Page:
Battleship is two player guessing game played on a grid. Players secretly place non overlapping ships on their own grid horizontally or vertically. Each ship takes up a certain amount on the grid and the goal is to sink all the enemy ships by taking turns guessing at the locations. If a ship is hit, it is reported and if it is sunk by guessing all points the ship is on it is reported.

Games will be simulated using two different methods, traditional and using a density grid. The traditional method involves randomly guessing at locations and if a hit occurs, the area around it is searched until the ship is sunk. The density grid method uses the remaining ships and knowledge of missed shots to create a density grid of likely places the ships may be. The two methods will be shown and average guesses it takes to win.

Game Setup

To create the game, a grid will be used and populated with five ships. The ships will have a size of 5, 4, 3, 3, and 2 placed randomly on the grid either vertically or horizontally and no overlaps.


The ships will be stored as a data frame:

ships <- data.frame(name=c("Carrier", "Battleship", "Submarine", "Cruiser", "Patrol"),
                    size=c(5,4,3,3,2), id=1:5)


The grid will be a 10x10 matrix of zeros.

ncol <- 10
nrow <- 10
buildGrid <- function(ncol, nrow) {
  return(matrix(0, ncol=ncol, nrow=nrow))

grid <- buildGrid(ncol, nrow) 

The next step is to populate the grid with the ships. The ships will be looped over and checked if overlaps or out of bounds and if not, place it.

popGrid <- function(grid, ship.sizes, {
  ## Very basic 
  # Make sure grid is blank
  if (any(grid != 0)) {
    stop("Grid has some information already on it")
  # Check if ship.sizes is valid
  if (is.null(ship.sizes) | any( {
    stop("Ship sizes is null or NA")
  # Make sure ship.sizes are <= grid size... probably should check if everything can fit
  if (any(ship.sizes > ncol(grid)) && any(ship.sizes > nrow(grid))) {
    stop("Grid size is smaller than ship sizes")
  # Tolerance for check
  tol <- .Machine$double.eps ^ 0.5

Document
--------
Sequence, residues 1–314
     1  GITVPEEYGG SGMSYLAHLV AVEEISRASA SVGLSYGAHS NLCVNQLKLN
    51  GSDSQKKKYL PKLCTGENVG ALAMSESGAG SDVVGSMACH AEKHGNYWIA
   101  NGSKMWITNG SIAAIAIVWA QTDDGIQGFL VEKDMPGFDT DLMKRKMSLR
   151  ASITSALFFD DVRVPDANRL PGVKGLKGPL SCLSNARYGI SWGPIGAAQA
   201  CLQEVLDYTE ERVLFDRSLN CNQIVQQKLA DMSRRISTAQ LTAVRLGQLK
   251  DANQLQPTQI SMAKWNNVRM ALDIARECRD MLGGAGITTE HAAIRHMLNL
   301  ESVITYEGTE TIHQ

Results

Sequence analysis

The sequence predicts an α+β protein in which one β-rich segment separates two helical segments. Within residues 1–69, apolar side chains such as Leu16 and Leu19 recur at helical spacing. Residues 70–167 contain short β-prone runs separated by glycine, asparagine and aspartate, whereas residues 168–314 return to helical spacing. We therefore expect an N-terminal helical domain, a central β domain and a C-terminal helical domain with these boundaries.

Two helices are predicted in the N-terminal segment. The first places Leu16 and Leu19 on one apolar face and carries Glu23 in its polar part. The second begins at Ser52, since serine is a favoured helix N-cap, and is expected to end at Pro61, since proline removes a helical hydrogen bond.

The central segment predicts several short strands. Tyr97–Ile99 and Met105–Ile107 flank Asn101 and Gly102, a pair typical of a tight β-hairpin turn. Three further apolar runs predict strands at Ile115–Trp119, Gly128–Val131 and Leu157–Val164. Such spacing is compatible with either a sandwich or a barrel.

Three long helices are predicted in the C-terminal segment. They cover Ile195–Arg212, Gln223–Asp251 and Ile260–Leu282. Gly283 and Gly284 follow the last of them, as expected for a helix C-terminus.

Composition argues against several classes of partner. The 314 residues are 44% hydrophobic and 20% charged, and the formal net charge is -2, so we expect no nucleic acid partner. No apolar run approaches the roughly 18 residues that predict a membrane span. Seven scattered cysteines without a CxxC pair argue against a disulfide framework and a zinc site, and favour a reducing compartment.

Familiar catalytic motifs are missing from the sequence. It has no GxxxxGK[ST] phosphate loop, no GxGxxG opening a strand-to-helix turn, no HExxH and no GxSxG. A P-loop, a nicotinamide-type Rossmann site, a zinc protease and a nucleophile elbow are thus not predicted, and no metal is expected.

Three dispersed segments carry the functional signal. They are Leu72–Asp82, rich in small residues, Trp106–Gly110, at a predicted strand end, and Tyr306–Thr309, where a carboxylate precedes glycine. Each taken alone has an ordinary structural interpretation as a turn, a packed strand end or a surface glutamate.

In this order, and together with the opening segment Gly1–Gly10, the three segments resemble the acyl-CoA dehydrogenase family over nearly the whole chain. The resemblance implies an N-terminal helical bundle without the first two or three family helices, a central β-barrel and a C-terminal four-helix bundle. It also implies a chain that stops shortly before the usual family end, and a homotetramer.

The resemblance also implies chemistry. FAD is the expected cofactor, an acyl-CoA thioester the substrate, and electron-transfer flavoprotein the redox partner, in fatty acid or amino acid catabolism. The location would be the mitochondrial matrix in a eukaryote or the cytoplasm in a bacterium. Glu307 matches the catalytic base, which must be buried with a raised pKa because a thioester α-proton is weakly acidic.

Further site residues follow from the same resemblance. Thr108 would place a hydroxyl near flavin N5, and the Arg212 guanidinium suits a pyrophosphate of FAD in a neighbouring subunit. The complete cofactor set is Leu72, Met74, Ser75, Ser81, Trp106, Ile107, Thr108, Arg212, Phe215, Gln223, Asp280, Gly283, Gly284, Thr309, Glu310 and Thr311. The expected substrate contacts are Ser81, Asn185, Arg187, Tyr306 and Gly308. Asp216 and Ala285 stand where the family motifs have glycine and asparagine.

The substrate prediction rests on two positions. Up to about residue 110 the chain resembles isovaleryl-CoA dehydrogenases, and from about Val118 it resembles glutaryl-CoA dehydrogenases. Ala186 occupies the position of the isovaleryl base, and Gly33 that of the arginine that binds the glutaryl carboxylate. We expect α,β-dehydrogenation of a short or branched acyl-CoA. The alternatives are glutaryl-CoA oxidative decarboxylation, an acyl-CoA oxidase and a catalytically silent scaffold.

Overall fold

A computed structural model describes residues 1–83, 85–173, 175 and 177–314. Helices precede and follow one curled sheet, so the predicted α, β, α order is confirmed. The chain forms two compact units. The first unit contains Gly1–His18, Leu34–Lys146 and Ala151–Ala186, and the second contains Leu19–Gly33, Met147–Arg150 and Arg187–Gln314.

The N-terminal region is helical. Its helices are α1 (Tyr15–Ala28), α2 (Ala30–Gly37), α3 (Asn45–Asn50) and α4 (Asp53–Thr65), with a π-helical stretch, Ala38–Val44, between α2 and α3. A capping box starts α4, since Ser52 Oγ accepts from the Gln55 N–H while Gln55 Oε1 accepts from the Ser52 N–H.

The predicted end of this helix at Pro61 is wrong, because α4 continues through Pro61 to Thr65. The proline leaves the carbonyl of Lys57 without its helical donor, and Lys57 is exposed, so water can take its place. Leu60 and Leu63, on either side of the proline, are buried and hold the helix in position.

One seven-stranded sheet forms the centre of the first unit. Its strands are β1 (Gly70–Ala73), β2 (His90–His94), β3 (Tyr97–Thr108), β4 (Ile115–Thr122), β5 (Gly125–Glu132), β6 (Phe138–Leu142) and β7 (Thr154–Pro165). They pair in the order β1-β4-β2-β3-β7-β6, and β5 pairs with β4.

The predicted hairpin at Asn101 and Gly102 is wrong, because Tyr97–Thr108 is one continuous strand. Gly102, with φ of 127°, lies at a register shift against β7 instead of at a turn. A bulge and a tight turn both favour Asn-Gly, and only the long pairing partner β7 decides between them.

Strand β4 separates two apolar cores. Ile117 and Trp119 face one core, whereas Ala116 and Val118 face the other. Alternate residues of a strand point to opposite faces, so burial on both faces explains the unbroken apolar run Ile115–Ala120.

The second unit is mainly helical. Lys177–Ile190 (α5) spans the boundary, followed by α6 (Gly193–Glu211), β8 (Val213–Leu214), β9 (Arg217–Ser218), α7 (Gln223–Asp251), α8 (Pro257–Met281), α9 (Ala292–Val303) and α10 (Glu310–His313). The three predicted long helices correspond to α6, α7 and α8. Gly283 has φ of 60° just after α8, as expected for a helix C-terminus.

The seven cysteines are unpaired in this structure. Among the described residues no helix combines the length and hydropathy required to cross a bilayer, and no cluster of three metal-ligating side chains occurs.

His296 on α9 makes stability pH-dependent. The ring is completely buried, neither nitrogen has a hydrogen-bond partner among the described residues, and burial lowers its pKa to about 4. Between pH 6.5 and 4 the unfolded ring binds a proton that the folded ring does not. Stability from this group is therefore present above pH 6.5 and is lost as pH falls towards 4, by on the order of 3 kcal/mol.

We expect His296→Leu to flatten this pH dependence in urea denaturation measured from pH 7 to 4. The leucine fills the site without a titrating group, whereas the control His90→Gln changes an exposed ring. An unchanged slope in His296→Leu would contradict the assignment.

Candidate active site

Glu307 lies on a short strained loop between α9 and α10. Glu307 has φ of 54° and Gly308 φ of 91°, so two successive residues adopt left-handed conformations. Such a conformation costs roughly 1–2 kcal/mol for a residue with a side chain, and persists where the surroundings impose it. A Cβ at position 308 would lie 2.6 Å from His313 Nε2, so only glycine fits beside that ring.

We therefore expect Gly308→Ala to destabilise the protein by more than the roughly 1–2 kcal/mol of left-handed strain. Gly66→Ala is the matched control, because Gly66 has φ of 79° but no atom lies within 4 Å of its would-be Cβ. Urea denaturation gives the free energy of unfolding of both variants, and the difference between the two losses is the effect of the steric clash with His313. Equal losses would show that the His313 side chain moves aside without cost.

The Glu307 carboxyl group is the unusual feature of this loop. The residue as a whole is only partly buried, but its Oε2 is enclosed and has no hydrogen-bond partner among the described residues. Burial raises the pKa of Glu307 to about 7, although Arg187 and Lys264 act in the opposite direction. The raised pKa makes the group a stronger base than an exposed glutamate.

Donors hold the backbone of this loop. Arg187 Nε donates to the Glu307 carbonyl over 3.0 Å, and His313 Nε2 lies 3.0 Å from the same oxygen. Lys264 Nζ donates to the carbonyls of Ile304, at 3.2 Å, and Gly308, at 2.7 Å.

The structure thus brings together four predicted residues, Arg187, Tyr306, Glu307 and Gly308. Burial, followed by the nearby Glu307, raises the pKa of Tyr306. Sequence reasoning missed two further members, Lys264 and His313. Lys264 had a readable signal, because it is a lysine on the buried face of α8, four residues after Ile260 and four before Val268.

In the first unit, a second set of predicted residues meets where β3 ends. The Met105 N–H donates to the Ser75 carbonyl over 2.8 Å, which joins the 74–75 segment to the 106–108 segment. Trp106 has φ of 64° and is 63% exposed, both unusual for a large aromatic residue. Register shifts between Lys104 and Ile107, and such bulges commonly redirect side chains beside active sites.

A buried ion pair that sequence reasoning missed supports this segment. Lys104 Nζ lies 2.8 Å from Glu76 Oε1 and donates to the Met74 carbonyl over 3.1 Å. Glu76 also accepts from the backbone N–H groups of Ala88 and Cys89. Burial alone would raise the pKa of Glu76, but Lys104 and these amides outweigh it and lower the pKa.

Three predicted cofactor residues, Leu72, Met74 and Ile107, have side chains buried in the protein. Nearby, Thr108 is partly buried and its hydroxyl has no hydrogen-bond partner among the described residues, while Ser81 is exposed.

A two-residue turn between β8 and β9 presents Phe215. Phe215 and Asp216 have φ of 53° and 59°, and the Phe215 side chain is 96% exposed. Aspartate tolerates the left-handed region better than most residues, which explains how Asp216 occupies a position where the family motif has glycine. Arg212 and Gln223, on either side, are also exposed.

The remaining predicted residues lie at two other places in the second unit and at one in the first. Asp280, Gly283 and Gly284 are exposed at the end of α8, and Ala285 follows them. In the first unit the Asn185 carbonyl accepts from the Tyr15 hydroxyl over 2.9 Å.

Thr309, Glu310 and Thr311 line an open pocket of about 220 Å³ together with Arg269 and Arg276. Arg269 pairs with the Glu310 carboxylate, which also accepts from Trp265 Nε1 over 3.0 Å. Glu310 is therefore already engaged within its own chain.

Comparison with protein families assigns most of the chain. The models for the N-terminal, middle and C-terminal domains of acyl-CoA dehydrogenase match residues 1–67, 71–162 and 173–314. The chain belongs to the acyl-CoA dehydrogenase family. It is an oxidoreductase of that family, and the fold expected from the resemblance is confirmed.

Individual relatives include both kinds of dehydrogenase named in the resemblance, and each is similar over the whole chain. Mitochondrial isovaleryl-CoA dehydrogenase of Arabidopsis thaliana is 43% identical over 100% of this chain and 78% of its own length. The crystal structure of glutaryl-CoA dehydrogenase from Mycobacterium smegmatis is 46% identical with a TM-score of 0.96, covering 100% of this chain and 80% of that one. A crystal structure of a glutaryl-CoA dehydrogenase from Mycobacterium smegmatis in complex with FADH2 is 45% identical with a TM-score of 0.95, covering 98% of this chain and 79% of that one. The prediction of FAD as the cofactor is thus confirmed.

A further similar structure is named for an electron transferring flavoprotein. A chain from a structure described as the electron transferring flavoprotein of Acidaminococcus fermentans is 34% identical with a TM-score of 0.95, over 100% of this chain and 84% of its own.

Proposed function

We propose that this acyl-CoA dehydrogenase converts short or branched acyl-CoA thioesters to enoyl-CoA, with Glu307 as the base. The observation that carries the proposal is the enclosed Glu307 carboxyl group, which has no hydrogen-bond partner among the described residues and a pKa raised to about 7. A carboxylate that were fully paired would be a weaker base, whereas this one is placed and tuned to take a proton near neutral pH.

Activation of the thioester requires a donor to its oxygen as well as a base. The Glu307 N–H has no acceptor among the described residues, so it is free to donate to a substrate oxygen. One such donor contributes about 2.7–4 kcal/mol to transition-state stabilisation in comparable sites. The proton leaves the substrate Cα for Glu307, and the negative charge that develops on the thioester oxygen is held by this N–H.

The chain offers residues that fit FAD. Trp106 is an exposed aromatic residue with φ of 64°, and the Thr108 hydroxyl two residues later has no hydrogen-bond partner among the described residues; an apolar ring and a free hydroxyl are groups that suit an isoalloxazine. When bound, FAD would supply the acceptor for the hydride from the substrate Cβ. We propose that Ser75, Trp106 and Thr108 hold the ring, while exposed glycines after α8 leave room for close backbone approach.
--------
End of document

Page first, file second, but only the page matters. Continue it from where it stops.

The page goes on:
# Loop over ship sizes and fill in
  for (k in 1:length(ship.sizes)) {  
    # Check if ship placed
    isPlaced <- FALSE
    # If outside bounds or occupied get new
    while(!isPlaced) {
      # Generate a random direction
      hv <-, size=1)
      # place ship
      row <-, size=1)
      col <-, size=1)
      ## Since know the direction, checking becomes easier
      # Horizontal
      if (hv == 1) {
        # Check if fits in grid boundaries and not occupied
        if (col+ship.sizes[k] < ncol(grid) && all(grid[row, col:(col+ship.sizes[k]-1)] == 0)) {
          grid[row, col:(col+ship.sizes[k]-1)] <-[k]
          isPlaced <- T
      # verticle
      if (hv == 2) {
        # Check if fits in grid boundaries and not occupied
        if (row+ship.sizes[k] < nrow(grid) && all(grid[row:(row+ship.sizes[k]-1), col] == 0)) {
          grid[row:(row+ship.sizes[k]-1), col] <-[k]
          isPlaced <- T

board <<- popGrid(grid, ships$size, ships$id)


The traditional method of playing is to guess a location and if it is a hit, search around area until ship is sunk. This is repeated until all ships are sunk.

Create random guesses

genGuesses <- function(nrow, ncol) {
  # Generate all possible combinations
  r.ran <- rep(1:nrow, nrow)
  c.ran <- rep(1:ncol, each=ncol)
  # Put it into a data frame and shuffle it
  df.ran <- data.frame(r=r.ran, c=c.ran)
  df.ran <- df.ran[order(sample(nrow(df.ran))),]

Guess and Search

The idea here is to continue guessing and searching until there are no more ships left. A guess will be marked with a -1 and ships are marked with values greater than 0, when there is no more values in the grid greater than zero, the ships are all hit and the game is over.

To search would be best done with stack, pushing a hit onto it, pop it off and search around it and add any new hits onto it. This will be mimic’d in R using a recursive function.

# Recursive function to search area, board is set to parent scope 'global' and <<- is used to set values
recSearch <- function(row, col) {
  # If value <= 0 then its searched or open water
  if (board[row,col] <= 0) {
    # Set position on board
    board[row, col] <<- -1 # Set value to 'global'
  } else {
    board[row,col] <<- -1 # Set value to 'global'
    # Search left, right, up, down for ships
    if (row+1 <= nrow(board)) {